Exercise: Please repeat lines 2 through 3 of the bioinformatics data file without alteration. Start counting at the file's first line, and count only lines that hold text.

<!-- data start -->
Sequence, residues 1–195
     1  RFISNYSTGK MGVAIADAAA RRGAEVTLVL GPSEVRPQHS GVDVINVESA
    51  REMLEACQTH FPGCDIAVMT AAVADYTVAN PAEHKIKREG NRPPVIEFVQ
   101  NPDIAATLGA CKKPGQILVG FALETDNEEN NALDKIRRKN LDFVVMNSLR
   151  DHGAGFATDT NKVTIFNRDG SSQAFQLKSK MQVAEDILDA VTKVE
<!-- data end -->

     1  RFISNYSTGK MGVAIADAAA RRGAEVTLVL GPSEVRPQHS GVDVINVESA
    51  REMLEACQTH FPGCDIAVMT AAVADYTVAN PAEHKIKREG NRPPVIEFVQ